All you’re buying is an App Store


By sandboxing App Stores and development processes, the major players have taken on the problem of developing their app stores.  Although HTML5 promised to be a universal platform, iOS, Windows 8, Android etc. make those apps second-class citizens to the native App Store versions, forcing developers to choose which platform to develop for as an initial target.

This becomes a problem for upcoming platforms that quickly need to build App libraries to legitimize their proprietary platforms, mainly  because they want it both ways: they want to lock developers time into their platform, and they want those developers to do it when there is no critical mass in that platform.  From a developer perspective, why would I write for, say Windows 8 first when I can spend the same effort on a known distribution base: iOS? Ideally I would like to write for all platforms with one codebase. Of course if the platform creator is trying to ramp up by funding key developers and projects that can work for a while, but it presumes the target audience’s planned use for the new platform.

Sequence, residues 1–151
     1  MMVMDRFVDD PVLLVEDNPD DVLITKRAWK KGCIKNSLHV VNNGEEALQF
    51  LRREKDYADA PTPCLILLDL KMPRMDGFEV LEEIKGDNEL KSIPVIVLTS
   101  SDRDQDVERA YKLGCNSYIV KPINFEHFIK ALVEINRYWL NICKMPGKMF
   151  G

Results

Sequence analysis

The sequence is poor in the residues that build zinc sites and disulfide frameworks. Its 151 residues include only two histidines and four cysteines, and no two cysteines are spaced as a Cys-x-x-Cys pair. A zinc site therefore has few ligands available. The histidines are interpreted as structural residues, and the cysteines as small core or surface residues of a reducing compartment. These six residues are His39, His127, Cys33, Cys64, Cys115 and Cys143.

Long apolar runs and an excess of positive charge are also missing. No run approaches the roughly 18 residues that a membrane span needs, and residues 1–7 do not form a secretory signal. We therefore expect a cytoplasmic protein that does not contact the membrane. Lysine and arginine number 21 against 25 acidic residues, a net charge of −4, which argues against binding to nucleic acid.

A simple solution would have been to allow web-based technologies to acts as a virtual machine that could be further compiled to native code for performance boost, much like Adobe is attempting to do with AIR.  This would allow a write-once platform with closer to native performance, unlike, say PhoneGap which is forced to work in a browser window and so is not really a native App. Performance on, say, smartphones and tablets, is quickly becoming good enough that a small performance hit would be acceptable.

Being proprietary does not in itself attract developers – being a good return on investment does. It may be that the performance gap between native code and HTML5-based apps is not closing as fast as it could because platform creators do not think this way.

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